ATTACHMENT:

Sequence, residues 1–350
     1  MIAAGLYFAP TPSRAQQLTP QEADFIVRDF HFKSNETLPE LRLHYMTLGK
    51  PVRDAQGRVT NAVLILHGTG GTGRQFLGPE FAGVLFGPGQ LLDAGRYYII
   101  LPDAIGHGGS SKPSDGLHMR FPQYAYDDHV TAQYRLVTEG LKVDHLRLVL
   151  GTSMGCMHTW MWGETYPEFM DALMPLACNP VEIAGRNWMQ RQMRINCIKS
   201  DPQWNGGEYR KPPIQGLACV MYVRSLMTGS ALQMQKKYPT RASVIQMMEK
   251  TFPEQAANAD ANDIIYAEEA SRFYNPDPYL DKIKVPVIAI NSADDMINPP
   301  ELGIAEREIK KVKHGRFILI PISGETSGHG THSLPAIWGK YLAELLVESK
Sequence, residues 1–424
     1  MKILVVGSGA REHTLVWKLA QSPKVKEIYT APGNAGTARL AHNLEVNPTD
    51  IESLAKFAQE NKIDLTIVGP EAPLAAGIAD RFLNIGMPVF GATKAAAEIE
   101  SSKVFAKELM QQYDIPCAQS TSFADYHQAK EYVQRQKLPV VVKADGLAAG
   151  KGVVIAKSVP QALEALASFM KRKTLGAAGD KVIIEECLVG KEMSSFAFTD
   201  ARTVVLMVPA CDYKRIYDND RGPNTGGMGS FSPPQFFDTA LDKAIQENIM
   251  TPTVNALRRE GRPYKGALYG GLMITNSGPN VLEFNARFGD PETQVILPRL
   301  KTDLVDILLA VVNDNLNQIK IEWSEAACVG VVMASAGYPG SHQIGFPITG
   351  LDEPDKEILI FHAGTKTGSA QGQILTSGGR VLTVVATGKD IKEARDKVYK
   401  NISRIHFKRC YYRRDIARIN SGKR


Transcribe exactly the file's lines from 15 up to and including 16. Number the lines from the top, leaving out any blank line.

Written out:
   251  TPTVNALRRE GRPYKGALYG GLMITNSGPN VLEFNARFGD PETQVILPRL
   301  KTDLVDILLA VVNDNLNQIK IEWSEAACVG VVMASAGYPG SHQIGFPITG